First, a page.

Baltin: Music takes on so many roles, whether it’s activism or comforting people. So what were you looking for in the people you got to contribute to this auction?
Lennox: I can knock on the door. My name means that people will read the email and they may want to do it or not. I don’t want to ever railroad anybody into doing something they don’t want to do. But all the artists that have stepped up to the plate and agreed to do this — Hozier, Sting, Emeli Sande — we have some magnificent artists. And Taylor Swift giving us that guitar is just so generous and brilliant and it makes a huge difference to a small organization like us, but mighty. It makes a big difference. And it’s that willingness to give up their time and say, “Yeah, this is something I would be proud to be part of, that’s very important.” For me, I’m just doing this kind of stuff all the time. I was before and it’s just multiplied now. I was trying to get away, I was trying to have a bit of a sabbatical when I came to Los Angeles. And I’ve ramped up all my activities. I took part in Project Angel Food twice. This is a wonderful local organization here in Los Angeles, a feeding program, amazing what they do. It was very important to me to be a part of this because I feel paralyzed if I don’t do anything. This world is so beautiful and it is riddled with problems, but there are solutions and organizations out there that represent the possibility of solutions.
Baltin: If you were to bring back the Amnesty tours who would be your dream artists to go on the shows?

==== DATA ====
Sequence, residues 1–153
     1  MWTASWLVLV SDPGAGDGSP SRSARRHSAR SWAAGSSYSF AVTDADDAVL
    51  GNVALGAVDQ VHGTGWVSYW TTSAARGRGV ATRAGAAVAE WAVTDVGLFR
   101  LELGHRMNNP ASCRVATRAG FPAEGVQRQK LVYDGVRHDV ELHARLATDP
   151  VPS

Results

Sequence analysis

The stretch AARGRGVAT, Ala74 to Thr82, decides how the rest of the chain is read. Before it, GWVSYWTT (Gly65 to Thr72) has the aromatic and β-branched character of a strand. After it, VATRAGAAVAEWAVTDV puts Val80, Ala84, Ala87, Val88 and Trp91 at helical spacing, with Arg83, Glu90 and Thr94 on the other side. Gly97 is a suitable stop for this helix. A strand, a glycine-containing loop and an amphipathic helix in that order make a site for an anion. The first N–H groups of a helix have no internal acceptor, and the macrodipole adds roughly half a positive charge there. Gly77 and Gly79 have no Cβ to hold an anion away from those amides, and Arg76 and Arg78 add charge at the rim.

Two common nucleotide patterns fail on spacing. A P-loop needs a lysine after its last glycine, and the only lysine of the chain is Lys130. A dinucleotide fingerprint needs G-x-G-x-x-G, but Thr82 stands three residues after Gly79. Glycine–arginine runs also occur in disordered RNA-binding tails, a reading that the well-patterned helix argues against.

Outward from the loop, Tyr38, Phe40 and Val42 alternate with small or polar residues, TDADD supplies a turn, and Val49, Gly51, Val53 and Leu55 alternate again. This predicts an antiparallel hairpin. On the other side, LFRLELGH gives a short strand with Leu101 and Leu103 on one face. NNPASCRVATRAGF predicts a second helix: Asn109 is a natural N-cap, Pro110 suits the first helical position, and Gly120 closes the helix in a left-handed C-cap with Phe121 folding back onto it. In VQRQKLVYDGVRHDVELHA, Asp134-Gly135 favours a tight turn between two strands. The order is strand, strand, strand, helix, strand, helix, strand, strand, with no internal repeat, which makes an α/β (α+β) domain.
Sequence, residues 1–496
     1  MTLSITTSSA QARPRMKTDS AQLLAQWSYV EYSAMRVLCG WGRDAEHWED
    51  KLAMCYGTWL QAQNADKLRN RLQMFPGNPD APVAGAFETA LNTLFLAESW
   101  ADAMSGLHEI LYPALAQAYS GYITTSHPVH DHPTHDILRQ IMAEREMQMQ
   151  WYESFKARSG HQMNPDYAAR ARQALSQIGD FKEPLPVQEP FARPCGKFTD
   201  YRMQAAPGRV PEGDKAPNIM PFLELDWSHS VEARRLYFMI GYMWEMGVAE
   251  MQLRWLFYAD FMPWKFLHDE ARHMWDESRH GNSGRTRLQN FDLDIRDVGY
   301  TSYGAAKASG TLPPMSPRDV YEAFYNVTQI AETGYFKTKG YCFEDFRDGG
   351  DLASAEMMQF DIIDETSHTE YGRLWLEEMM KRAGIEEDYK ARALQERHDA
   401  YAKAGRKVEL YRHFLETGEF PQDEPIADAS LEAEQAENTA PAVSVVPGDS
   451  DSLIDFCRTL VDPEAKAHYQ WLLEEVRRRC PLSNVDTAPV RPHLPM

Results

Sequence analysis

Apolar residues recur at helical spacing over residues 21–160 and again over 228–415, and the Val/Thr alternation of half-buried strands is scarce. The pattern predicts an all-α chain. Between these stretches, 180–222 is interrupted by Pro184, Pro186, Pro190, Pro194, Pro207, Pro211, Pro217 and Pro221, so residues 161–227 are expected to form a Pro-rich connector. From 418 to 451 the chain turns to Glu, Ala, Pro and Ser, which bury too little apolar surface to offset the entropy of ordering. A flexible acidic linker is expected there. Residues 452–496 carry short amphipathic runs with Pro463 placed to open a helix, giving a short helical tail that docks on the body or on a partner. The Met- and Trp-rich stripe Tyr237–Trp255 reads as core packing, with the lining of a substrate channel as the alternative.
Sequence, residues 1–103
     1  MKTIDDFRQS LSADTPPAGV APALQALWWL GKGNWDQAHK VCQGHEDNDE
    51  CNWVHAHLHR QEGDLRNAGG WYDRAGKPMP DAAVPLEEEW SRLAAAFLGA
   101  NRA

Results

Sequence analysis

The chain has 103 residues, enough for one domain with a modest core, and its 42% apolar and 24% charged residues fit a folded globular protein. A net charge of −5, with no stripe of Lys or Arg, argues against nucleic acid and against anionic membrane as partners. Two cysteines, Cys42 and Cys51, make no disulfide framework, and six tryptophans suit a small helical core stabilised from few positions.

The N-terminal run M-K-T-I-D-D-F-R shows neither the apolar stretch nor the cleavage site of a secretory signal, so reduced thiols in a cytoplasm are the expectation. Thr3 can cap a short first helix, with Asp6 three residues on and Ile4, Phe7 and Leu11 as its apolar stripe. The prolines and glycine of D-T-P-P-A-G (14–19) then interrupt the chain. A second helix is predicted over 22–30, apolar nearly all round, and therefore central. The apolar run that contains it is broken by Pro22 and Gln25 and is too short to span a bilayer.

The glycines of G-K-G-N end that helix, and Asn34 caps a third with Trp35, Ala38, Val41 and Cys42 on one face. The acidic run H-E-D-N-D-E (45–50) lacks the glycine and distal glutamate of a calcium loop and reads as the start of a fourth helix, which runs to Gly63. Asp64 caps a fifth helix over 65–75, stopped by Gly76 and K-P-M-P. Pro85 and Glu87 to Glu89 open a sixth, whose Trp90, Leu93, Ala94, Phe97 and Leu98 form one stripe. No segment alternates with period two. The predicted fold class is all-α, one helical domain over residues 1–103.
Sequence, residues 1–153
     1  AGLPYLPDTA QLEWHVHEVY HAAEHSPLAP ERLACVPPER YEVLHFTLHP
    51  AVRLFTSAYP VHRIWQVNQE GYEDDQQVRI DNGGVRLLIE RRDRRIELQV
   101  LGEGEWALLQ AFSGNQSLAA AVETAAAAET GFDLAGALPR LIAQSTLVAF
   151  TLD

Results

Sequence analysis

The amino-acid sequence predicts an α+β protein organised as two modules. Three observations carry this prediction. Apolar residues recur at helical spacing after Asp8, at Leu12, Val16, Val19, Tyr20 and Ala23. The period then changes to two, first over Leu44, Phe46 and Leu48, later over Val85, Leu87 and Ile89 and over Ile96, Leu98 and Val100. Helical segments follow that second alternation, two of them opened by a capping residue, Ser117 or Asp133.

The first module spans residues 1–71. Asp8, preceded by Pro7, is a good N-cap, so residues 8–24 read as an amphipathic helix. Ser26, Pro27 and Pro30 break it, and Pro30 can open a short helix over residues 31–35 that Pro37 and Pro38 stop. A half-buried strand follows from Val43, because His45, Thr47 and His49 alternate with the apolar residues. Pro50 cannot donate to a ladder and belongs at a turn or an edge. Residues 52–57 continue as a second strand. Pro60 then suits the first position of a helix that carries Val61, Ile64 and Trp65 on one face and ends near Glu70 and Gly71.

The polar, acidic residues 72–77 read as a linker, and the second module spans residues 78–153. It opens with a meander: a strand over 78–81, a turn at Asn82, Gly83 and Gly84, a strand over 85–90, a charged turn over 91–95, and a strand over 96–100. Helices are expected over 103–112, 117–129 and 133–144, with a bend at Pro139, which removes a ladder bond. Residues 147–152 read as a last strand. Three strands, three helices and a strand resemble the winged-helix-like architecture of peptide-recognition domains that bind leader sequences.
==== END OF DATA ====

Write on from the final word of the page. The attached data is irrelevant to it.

Lennox: I’d bring out the oldies, anybody that’s alive and standing and still prepared to play a guitar and sing and play whatever they play. I’d bring them all out if they could do it. It would be amazing. Can you imagine Bob Dylan, Sting, Bruce Springsteen, all of them, the good ones. I’d have people that really walk the walk. Bring Tracy Chapman, right, center and foreground. And oh my god if Bob Marley was still alive. He is. Bob Marley physically died, but his songs, of all the songs that have ever been written that have anything to do with the global issues, with human rights, this is with justice or injustice, Bob Marley’s songs are the best anthems of all. And they live on.
Baltin: What are the biggest lessons you want people to take from the Circle and the auction?
Lennox: When you consider that hundreds of millions of women live in countries where domestic violence is not considered to be criminal, so now we have a parallel war going on in people’s homes where women are being impacted by domestic violence. It’s invisible, you don’t see it. And living in countries where they can’t even go to court over this. So beyond MeToo, which has been a phenomenal victory in so many ways, and we’ve seen the [Harvey] Weinstein case come through and A-list celebrities have spoken up and the world is interested because media comes to that. How about media speaks about the global situation for women? Which is absolutely appalling. That’s my message.
Shah: I want people to, whatever their entry point to this issue, whether it’s the Circle, the music auction, whatever is happening in the world, I’d love them just to find an entry point that works for them to come and learn more and come on this journey with the whole Circle family of women, men and young people. And that’s what we’re talking about, this family of people who want to do more in whatever way they can. And become a global feminist.
Lennox: That’s a nice way to put it. Global feminism is a term we encourage people to use because it’s inclusive of everybody. Everybody can be a feminist.